See also: DESIGN NEWS: ALFA ROMEO HISTORY
Christian Dior S.A., commonly known as Dior, is a French luxury goods company controlled and chaired by businessman Bernard Arnault who also heads LVMH – the world’s largest luxury group.
Founded in 1946 by the eponymous designer Christian Dior, today the company designs and retails ready-to-wear, leather goods, fashion accessories, footwear, jewelry, timepieces, fragrance, make-up, and skincare products while also maintaining its tradition as a creator of recognized haute-couture (under the Christian Dior Couture division). While the Christian Dior label remains largely for women’s offerings, the company also operates the Dior Homme division for men and the baby Dior label for childrenswear. Products are sold throughout its portfolio of retail stores worldwide, as well as through its online store via dior.com.
Competitors to the House of Dior include, among many, the fashion houses of Chanel, Burberry, Yves Saint Laurent, Gucci, and Prada.
The House of Dior was established on 16 December 1946, in “a private house” at 30 Avenue Montaigne Paris B. However, the current Dior corporation celebrates “1947” as the opening year. Dior was financially backed by wealthy businessman Marcel Boussac. The new couture house became a part of “a vertically integrated textile business” already operated by Boussac. Its capital was at FFr 6 million and workforce at 80 employees.The company was really a vanity project for Boussac and was a “majorly owned affiliate of Boussac Saint-Freres S.A. Nevertheless, Monsieur Dior was allowed a then-unusual great part in his namesake label (legal leadership, a non-controlling stake in the firm, and one-third of pretax profits) despite Boussac’s reputation as a “control freak”. Monsieur Dior’s creativity also negotiated him a pleasant salary.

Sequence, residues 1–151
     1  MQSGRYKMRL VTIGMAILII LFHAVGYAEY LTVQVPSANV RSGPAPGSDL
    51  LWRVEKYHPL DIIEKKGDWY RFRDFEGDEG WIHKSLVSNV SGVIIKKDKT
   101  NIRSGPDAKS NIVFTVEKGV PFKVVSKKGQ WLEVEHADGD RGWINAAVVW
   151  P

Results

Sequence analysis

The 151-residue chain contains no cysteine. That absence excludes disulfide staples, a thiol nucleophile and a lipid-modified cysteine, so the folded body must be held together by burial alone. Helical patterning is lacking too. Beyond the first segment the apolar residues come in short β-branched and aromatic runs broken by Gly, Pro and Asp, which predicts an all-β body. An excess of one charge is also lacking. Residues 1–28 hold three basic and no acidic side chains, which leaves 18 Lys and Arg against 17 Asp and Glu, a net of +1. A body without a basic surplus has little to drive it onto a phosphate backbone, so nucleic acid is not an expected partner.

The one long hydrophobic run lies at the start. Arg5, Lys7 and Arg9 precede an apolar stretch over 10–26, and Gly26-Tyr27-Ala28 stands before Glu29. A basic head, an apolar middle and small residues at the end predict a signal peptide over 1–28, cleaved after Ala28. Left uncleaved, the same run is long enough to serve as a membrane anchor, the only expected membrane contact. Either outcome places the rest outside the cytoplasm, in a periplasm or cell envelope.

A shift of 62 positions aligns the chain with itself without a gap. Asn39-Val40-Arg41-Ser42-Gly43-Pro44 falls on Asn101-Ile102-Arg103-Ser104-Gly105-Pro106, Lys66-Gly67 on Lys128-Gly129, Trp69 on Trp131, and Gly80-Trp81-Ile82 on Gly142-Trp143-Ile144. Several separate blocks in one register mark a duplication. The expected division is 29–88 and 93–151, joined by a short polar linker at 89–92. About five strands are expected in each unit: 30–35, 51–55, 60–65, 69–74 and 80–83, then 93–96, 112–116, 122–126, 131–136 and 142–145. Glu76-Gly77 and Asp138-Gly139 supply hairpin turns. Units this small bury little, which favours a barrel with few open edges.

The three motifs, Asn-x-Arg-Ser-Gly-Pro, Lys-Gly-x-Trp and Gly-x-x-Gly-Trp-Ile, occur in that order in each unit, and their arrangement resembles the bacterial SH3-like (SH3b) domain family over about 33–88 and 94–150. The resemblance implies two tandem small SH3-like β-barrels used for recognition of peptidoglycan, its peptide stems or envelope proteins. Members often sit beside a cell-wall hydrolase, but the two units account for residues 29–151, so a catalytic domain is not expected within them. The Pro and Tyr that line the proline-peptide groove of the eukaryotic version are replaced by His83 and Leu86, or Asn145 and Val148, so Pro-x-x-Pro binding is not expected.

On 12 February 1947, Dior launched his first fashion collection for Spring–Summer 1947. The show of “90 models of his first collection on six mannequins” was presented in the salons of the company’s headquarters at 30 Avenue Montaigne. Originally, the two lines were named “Corolle” and “Huit”. However, the new collection went down in fashion history as the “New Look” after the editor-in-chief of Harper’s Bazaar Carmel Snow exclaimed, “It’s such a New Look!”. The silhouette was characterised by a small, nipped-in waist and a full skirt falling below mid-calf length, which emphasised the bust and hips, as epitomized by the ‘Bar’ suit from the first collection.
At a time of post-war fabric restrictions, Dior used up to twenty yards of extravagant fabrics for his creations, favoring the luxury textiles of Robert Perrier. The New Look became extremely popular, its full-skirted silhouette influencing other fashion designers well into the 1950s, and Dior gained a number of prominent clients from Hollywood, the United States, and the European aristocracy. As a result, Paris, which had fallen from its position as the capital of the fashion world after WWII, regained its preeminence. The New Look was welcomed in western Europe as a refreshing antidote to the austerity of wartime and de-feminizing uniforms, and was embraced by stylish women such as Princess Margaret in the UK. According to Harold Koda, The Costume Institute curator in charge, Christian Dior credited Charles James with inspiring The New Look.
Keep following the latest design trens at My Design Agenda!
Source: Club Delux